by Tom Gaylord
Writing as B.B. Pelletier

Springfield Armory M1 Carbine airsoft
Springfield Armory M1 Carbine Airsoft gun.

This report covers:

  • History
  • M1 Carbine production
  • Carbine performance
  • Carbine requirement
  • It lives on
  • M1 Carbine airsoft gun
  • M1 Carbine BB gun
  • Two stocks
  • Expected power
  • Adjustable Hop Up
  • Which model Carbine?
  • Sights
  • Can’t be disassembled
  • So much more!
  • Summary

Today we start looking at the Springfield Armory M1 Carbine airsoft gun. It’s not rifled so no matter what anyone says, it’s not a rifle. It’s a smoothbore airsoft gun.

The M1 Carbine is a favorite of B.B. Pelletier, so this blog may sound a little different — as in having a lot more history attached to it. In fact, let’s go there now.


Ask any red-blooded American shooter what was the standout soldier’s weapon in World War II and they will not hesitate to say it was the M1 Garand. Canadian-born firearm designer John Garand (pronounced GAR-und, with Gar rhyming with care) worked for years to perfect a design that was initially created in the late 1920s or early ’30s by firearm company, Irwin Pederson. By the late 1930s the design was accepted and in September 1937 low-rate production (10 rifles a day) began. During the war 3.5 million-ish Garands were produced, and production continued into the 1950s. It is believed that a total of approximately 5.4 million Garands were eventually produced.

M1 Carbine production

In sharp contrast, the requirement for the M1 Carbine first saw the light of day in 1938. It was formalized in 1940. Two tests were run in 1941 and on October 22 of 1941 the Winchester design that is called the “13-day rifle” (because of the accelerated time in which it was developed) was accepted for production.

David Marsh “Carbine” Williams had little to do with the development of the Carbine beyond his invention of the short-stroke gas piston that made the entire concept feasible.

The Carbine production program was one of the high points of the war, from a logistical standpoint. In 38 months 10 prime contractors and hundreds of subcontractors produced over 6 million Carbines — nearly twice as many as Garands during the war and in far less time. Ironically, the only prime contractor that never had a Carbine accepted by the government was Irwin Pederson, whose production methods were decades out of date and were thus incapable of meeting the requirement for parts interchangeability. Their contract was cancelled and their plant was taken over by Saginaw Steering Gear — a division of General motors.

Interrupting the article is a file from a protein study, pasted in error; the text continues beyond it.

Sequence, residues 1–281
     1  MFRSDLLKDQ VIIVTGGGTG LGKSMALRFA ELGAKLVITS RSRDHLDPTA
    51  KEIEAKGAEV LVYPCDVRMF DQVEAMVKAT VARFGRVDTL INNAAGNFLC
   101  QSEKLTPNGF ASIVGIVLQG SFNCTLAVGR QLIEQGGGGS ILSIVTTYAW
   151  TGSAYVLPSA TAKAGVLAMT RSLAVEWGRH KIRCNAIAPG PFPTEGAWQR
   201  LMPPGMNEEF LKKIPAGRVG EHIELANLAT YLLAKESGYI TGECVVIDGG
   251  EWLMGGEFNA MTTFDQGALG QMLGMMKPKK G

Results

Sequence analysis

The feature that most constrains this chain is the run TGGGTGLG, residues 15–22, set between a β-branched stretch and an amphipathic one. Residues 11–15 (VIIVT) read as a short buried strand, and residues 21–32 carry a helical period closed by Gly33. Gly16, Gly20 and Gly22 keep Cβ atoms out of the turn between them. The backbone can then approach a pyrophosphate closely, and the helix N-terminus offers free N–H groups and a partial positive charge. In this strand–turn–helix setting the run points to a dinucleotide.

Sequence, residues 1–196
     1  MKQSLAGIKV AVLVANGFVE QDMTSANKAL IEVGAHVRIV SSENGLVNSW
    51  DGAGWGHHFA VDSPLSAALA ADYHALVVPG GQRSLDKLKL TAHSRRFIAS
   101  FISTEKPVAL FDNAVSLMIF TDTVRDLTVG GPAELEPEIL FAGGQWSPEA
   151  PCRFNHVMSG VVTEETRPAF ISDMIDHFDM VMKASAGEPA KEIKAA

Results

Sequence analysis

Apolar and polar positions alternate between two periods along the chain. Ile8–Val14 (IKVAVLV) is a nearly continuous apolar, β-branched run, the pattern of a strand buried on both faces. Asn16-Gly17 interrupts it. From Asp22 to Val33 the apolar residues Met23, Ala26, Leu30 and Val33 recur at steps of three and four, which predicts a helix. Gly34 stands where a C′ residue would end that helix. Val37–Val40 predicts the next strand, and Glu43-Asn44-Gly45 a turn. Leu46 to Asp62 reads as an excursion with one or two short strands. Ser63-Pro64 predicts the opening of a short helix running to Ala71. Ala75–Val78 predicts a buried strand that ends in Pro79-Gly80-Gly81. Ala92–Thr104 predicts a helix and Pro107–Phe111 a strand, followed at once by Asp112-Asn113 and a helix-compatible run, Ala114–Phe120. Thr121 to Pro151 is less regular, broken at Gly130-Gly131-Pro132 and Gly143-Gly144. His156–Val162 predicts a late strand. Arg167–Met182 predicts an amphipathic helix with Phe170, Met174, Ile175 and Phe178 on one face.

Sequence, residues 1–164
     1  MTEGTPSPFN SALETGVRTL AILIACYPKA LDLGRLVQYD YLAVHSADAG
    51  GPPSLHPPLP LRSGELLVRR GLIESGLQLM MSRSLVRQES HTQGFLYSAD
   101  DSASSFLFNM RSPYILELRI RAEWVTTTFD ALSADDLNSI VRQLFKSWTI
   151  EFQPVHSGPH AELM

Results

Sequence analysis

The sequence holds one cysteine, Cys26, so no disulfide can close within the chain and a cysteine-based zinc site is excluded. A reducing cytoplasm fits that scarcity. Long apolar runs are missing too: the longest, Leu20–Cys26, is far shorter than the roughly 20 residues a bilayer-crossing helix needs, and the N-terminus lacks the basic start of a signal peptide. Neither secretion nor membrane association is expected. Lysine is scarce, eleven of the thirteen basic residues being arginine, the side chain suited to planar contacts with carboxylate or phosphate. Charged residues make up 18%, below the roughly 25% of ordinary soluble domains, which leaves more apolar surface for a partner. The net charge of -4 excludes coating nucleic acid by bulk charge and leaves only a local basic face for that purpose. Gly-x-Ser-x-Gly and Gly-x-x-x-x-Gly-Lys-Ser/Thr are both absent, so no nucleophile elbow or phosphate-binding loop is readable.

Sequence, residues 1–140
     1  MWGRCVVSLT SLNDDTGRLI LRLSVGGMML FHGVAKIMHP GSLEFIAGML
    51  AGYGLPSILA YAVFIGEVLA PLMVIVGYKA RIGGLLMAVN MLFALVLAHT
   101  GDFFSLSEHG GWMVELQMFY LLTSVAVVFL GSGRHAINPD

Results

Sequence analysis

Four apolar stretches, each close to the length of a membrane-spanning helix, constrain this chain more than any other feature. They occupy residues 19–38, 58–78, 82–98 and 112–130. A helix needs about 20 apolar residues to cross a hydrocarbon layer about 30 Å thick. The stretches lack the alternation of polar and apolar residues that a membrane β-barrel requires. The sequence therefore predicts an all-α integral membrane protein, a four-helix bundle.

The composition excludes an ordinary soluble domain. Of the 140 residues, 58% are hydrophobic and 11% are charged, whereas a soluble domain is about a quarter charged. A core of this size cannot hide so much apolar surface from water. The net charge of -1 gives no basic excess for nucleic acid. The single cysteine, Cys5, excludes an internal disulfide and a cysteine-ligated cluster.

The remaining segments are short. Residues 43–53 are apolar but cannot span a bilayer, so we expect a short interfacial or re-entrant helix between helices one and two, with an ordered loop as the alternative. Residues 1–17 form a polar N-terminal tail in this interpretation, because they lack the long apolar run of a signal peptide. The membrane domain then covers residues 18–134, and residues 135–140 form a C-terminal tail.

Carbine performance

The M1 Carbine had performance requirements that were not equalled for decades after production ended and, indeed, are not being equalled even today. The primary one is weight. The carbine had to weigh no more than 5 lbs., yet had to handle the pressures associated with a centerfire rifle.

Carbine requirement

The Carbine was created because the Army felt its soldiers were not well-equipped with the M1911A1 pistol. Too many soldiers had problems shooting the pistol accurately, and the Army felt a small light rifle would be more effective. That sounds reasonable but two things worked against the notion. First — they named it the M1 Carbine and by the time it got to the field the Garand had already entered its days of glory. It was even made in the same .30 caliber! Too many people expected it to be a “baby Garand,” which it is not. And the second reason for its unpopularity is very similar. The Carbine looks like a rifle (which it is, of course) so people expected it to perform like one. But it didn’t. It’s cartridge is more closely related to a powerful pistol cartridge than to a rifle cartridge. The bullet is lightweight and it leaves the muzzle 700 f.p.s. slower than the Garand bullet. Instead of almost 3000 foot-pounds of muzzle energy the Carbine bullet develops less than 1,000. And the lighter bullet sheds energy rapidly, so beyond 100 yards it hits like a .30 caliber pistol.

For the purpose it was designed the Carbine is a brilliant weapon even today. But when it is compared to a powerful .30 caliber rifle cartridge used by the Garand it falls short.

It lives on

However, with all the downside I’ve just mentioned, people love the Carbine when they get to handle and shoot it. It’s just right for carrying all day and for certain tactical situations. For example, a fully automatic M2 Carbine is quite handy in close-quarters engagements. As a result of the popularity, more than 30 commercial gun manufacturers have copied the Carbine since government production ceased, and it is still in commercial production today!

The M1 Carbine is the father of Ruger’s popular Mini 14 and the grandfather of the Army’s M16. I own a Carbine that has been converted to shoot the 5.7mm Johnson Spitfire that Melvin Johnson created in the 1950s. The Army used that as the starting point in the development of their 5.56mm cartridge that’s still used today.

M1 Carbine airsoft gun